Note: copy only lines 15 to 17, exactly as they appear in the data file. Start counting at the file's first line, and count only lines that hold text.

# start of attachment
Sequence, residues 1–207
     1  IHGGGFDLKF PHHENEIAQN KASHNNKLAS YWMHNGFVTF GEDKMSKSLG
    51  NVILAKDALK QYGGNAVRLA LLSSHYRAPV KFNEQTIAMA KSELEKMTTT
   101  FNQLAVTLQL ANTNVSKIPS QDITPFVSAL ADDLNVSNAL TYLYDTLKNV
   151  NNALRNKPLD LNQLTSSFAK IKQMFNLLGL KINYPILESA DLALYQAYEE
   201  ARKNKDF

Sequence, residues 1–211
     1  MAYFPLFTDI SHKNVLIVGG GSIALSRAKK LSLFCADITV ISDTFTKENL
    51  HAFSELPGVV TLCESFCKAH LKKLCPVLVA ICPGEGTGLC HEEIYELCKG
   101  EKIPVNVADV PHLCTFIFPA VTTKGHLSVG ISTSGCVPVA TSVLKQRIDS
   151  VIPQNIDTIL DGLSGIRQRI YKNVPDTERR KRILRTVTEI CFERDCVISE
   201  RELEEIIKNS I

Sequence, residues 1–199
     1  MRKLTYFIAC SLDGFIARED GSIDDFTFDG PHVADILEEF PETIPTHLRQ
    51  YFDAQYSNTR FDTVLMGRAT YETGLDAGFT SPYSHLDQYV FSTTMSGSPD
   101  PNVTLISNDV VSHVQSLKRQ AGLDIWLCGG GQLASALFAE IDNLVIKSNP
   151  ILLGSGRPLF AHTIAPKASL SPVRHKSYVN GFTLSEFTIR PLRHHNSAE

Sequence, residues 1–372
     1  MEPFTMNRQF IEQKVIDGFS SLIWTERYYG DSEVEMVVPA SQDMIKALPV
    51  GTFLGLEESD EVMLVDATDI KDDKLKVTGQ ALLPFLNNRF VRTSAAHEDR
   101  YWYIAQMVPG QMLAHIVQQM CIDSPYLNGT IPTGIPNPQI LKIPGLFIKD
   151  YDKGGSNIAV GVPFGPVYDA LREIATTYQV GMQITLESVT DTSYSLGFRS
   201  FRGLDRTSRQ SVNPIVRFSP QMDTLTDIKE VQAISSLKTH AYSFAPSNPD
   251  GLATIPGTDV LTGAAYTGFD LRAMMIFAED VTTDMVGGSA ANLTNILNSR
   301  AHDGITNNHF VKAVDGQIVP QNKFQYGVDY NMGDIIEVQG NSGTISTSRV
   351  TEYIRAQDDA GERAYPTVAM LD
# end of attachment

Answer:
    51  YFDAQYSNTR FDTVLMGRAT YETGLDAGFT SPYSHLDQYV FSTTMSGSPD
   101  PNVTLISNDV VSHVQSLKRQ AGLDIWLCGG GQLASALFAE IDNLVIKSNP
   151  ILLGSGRPLF AHTIAPKASL SPVRHKSYVN GFTLSEFTIR PLRHHNSAE